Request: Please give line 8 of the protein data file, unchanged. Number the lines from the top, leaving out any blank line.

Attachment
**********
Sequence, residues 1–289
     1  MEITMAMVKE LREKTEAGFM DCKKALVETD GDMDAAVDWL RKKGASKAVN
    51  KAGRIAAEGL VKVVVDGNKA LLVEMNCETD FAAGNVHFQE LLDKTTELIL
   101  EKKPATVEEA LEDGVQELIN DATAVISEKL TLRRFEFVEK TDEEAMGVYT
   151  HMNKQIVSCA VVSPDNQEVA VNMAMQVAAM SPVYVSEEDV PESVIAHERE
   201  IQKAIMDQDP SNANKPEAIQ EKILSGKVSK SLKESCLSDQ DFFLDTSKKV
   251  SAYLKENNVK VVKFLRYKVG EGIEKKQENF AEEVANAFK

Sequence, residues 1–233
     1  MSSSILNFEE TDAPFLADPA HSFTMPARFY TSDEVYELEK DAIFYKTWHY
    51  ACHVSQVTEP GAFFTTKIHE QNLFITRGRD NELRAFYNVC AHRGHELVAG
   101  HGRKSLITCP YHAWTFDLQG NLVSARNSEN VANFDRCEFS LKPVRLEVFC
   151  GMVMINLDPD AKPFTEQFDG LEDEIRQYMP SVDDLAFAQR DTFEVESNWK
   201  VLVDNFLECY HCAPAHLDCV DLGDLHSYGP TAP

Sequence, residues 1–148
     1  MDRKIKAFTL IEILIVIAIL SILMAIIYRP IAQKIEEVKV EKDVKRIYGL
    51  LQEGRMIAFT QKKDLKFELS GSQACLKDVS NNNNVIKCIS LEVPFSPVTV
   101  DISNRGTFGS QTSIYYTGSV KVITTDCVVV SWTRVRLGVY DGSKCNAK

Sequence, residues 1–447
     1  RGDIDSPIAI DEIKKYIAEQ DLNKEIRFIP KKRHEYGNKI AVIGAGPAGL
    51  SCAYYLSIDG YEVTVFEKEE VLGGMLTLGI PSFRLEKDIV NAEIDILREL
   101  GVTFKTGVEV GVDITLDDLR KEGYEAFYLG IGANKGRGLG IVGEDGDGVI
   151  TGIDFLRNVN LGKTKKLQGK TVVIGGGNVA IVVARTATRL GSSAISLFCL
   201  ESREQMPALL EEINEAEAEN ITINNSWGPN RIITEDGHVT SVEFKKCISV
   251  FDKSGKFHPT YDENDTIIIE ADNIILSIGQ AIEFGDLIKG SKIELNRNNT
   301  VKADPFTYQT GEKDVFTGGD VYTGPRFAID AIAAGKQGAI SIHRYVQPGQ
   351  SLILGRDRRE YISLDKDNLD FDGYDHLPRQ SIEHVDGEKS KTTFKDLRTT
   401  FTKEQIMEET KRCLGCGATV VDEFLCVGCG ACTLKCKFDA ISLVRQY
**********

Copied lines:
Sequence, residues 1–233